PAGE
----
Service Dogs Heal
July 13, 2020
Chronic conditions and disabilities can be challenging.
People who have a mental/physical disability or a chronic condition that results in functional impairment or limitations to their daily activities and social participation may need assistance with a variety of daily tasks.
One way such assistance might be provided is through the use of service dogs.
Service dogs used in the current investigation were purebred or crosses between Standard Poodles, Golden Retrievers, and Labrador Retrievers. These dogs functioned as either mobility assistance dogs, seizure response dogs, or diabetic alert dogs:
Mobility service dogs assist people with chronic conditions and physical disabilities by performing behaviors such as opening/closing the door, turning on the light, and retrieving out-of-reach or dropped items.
Seizure response service dogs help individuals with epilepsy and seizure conditions. When a seizure occurs, these dogs stay with the individual and provide comfort—or, in case of an emergency, call for help.
Diabetic alert dogs are trained to help those with type 1 diabetes. These dogs can alert their handlers to dangerous changes in the person’s blood sugar, obtain medications for them, and call for help. For the present study, participants were recruited from the database of a national provider of service dogs. The main inclusion criteria included being accepted by the program (i.e., no fear of dogs, no dog allergies, and no family member with a criminal history of animal abuse or other violent crime), and having received service dogs or being on the wait-list.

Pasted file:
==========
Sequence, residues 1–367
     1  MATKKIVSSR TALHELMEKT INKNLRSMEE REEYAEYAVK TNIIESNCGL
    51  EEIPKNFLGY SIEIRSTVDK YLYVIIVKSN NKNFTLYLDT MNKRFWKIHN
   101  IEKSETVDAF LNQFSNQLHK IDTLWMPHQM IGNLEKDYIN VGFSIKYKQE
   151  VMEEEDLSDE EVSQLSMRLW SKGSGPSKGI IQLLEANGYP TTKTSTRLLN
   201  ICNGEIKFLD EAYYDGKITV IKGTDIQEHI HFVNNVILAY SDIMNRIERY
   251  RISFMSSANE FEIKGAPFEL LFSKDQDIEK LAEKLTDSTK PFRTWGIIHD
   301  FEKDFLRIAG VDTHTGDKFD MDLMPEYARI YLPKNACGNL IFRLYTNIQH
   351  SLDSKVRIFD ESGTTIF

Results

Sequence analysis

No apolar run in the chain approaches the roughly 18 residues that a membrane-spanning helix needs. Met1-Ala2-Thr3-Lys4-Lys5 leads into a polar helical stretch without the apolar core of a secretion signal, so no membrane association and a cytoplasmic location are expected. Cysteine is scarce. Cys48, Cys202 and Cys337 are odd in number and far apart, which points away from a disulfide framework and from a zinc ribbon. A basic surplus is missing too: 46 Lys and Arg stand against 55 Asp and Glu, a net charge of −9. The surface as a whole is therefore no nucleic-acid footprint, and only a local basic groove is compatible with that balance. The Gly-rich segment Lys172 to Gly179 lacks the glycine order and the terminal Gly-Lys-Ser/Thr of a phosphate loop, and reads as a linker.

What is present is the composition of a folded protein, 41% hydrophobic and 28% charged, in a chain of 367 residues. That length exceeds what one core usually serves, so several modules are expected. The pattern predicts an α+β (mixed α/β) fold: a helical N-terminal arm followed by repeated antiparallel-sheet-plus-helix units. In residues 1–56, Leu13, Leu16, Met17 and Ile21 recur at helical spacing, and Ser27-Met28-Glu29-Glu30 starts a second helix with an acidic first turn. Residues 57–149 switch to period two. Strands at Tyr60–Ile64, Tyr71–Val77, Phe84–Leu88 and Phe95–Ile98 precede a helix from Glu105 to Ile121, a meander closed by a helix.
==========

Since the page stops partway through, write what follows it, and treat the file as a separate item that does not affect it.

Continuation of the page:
The results of the analysis did not show a statistical association between having a service dog and improvement of anger, social companionship, or sleep quality. However, compared to those on the wait-list, people with a service dog had better psychosocial health. Even after statistically controlling for demographics, pet dog ownership, and disability variables, a significant association remained between owning a service dog and “higher overall psychosocial health including higher emotional, social, and work/school functioning.” The biggest impact of a service dog in the lives of people with physical disabilities and chronic conditions was in school and/or work—where it improved engagement, interactions, and overall functioning. These benefits are important because physical disabilities and other conditions cause impairment and dysfunction that affect people’s quality of life in multiple ways. These conditions often limit individuals’ lives and restrict their opportunities, especially in social and work domains. The present study suggests service dogs might help in all these domains. As the authors note, “Health care providers should recognize that in addition to the functional benefits service dogs are trained to provide, they can also provide their handlers with psychosocial benefits from their assistance and companionship.”